The question of how many people you plan on serving is where your answers start to determine how much of your cash flow goes into the machinery and how much remains to be spent on quality ingredients. A good, but small (“bachelor”-sized) gas grill goes for about $120, while a sufficiently equipped charcoal grill designed for garden gatherings can cost between $200 and $300. If you do it up nearly every weekend throughout the spring, summer and fall, you may want to spend as much as $900 on a top-top-top-of-the-line grill (though if you’re looking to spend that much on your grill, you’re probably not looking for advice from this article).

Once you’ve got your hardware squared away, you need to actually cook. Now remember you’re going for the gourmet here; do not succumb to the quick and quaint (garden) burger, dog, ‘slaw routine. You’ve got the gear, make good use of it.

The Making of a Grill Boss: It’s All in the Details

So you’ve bought the grill, or resurrected the previously lost soul of your grill, and now everything’s ready for showtime. Except you, because you see, just as there is more to a magician’s show than headless women and bunnies in hats, there is more to mastering the art of barbecuing than food and flames alone. Remember, the whole point of a barbecue (as opposed to the indoor, kitchen variety of cooking) is to show off. Whether it’s the actual food you’re preparing, or just the flair with which you serve it up, the true Grill Boss always has his audience in mind.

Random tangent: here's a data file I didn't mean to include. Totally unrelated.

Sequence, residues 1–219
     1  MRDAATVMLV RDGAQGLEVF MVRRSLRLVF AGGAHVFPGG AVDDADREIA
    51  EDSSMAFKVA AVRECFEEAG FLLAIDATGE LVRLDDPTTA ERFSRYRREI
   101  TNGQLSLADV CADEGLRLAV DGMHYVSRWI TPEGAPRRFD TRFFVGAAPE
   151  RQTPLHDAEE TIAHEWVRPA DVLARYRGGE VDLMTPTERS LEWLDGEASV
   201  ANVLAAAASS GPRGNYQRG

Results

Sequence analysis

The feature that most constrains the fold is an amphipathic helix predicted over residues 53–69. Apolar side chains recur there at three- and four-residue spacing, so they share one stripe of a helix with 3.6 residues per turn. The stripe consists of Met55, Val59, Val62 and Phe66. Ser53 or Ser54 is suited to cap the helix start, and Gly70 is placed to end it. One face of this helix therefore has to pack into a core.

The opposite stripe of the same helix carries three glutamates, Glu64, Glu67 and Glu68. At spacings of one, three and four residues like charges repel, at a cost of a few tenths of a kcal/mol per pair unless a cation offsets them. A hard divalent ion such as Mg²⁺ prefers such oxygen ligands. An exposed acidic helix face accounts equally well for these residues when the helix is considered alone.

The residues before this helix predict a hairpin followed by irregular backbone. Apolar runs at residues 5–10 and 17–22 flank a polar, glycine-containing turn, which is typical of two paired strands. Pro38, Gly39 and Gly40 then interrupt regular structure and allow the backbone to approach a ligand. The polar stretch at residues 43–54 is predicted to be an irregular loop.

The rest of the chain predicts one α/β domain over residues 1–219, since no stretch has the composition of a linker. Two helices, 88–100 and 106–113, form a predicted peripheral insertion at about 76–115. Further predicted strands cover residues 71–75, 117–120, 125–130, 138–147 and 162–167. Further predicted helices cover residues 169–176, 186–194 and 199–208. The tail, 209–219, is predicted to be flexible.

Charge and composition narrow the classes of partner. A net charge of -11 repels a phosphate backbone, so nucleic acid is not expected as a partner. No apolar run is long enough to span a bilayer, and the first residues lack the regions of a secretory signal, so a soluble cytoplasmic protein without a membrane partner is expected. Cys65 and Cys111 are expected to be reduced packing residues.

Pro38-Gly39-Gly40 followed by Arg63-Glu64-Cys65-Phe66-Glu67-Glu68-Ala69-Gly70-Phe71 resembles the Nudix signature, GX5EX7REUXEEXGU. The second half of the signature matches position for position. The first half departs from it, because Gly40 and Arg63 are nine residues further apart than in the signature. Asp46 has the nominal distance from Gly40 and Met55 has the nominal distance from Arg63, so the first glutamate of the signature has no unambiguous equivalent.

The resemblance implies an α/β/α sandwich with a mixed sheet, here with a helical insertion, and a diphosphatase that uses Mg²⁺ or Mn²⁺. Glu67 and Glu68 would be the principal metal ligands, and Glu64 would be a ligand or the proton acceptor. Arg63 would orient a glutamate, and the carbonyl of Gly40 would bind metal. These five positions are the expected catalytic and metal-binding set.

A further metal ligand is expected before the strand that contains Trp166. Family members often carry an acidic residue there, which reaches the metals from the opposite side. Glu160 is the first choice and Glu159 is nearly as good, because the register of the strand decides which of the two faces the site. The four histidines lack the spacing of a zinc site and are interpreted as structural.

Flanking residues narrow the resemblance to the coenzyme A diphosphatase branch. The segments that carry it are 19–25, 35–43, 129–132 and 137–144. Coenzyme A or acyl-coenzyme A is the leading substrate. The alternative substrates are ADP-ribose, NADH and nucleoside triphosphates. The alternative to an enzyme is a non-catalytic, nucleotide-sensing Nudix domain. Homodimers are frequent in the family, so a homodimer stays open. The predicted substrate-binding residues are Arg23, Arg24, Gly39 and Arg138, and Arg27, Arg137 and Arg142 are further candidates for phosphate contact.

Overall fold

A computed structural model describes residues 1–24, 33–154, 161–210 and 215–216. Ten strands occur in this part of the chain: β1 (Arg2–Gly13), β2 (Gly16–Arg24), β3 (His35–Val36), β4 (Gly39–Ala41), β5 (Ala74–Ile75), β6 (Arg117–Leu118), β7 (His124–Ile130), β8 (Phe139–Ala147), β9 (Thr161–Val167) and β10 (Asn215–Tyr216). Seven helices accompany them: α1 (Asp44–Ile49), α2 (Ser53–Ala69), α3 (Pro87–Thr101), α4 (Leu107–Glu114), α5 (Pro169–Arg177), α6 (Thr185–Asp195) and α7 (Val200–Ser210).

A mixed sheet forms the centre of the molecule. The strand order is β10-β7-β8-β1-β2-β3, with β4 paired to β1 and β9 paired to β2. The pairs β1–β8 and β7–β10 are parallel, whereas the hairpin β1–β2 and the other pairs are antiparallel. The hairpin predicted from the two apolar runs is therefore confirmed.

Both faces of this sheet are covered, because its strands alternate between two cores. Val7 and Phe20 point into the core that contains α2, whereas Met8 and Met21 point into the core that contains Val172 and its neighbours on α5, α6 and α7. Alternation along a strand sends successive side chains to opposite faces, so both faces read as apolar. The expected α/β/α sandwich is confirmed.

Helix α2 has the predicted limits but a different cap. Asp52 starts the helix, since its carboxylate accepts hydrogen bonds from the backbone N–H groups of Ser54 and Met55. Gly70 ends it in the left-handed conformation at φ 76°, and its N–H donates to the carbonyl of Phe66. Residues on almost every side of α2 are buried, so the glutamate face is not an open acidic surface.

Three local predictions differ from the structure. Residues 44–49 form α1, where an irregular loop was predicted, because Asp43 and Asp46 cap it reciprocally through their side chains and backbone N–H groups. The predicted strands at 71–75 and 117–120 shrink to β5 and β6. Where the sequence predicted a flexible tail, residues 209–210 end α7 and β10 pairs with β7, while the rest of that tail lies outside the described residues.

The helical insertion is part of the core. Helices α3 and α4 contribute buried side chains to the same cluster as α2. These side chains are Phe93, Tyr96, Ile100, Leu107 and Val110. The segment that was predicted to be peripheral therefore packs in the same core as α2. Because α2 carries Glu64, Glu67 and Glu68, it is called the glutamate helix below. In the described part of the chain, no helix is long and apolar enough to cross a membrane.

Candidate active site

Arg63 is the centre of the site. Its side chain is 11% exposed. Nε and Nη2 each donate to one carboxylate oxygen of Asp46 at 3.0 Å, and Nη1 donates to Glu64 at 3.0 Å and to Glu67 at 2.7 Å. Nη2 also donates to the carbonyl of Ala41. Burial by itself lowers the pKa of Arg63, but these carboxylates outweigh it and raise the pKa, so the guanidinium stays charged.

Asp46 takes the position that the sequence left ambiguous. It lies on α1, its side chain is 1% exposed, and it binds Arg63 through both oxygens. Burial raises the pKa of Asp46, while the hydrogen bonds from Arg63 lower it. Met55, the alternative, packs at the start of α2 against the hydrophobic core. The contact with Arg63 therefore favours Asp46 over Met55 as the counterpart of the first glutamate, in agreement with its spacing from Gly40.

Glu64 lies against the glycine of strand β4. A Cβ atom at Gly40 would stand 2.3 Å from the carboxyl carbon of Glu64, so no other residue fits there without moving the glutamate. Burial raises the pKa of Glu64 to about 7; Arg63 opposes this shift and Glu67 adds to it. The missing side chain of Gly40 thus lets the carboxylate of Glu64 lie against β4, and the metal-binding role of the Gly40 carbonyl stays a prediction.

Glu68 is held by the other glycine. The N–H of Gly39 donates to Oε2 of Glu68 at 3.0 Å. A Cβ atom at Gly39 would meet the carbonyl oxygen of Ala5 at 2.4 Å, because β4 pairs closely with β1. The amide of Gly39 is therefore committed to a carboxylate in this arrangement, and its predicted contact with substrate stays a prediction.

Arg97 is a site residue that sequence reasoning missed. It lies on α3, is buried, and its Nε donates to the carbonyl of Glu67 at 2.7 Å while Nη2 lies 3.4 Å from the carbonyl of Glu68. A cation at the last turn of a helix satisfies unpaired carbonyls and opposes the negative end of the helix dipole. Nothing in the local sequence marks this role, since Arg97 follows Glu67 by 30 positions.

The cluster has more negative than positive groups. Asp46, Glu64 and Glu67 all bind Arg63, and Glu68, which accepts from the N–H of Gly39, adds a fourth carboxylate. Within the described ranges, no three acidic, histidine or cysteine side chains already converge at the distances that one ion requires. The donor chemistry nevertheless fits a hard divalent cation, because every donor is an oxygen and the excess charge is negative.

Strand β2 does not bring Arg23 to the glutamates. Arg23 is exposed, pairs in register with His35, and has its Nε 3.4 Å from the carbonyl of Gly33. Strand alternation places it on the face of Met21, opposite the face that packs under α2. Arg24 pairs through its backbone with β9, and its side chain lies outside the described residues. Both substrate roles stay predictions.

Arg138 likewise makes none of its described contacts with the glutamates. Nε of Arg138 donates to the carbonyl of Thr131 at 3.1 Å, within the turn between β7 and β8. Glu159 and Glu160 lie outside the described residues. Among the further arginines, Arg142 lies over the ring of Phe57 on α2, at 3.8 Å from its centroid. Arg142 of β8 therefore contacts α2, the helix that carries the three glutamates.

One way to evoke the image, and evidence, of a master is to add flavor to your food by laying apple or other fruit tree stems over your coals. What’s on top of the grill will be infused with the subtle scent of fruit. And your guests will be awed by your ingenuity. (Don’t forget to tell them how you drove out last weekend, found a beautiful, lush orchard, and climbed to the tippity-top of the most plentiful tree in order to snip off the divinely untouched stems, and return them in an air-tight container so as not to lose even one droplet of apple-scented moisture.)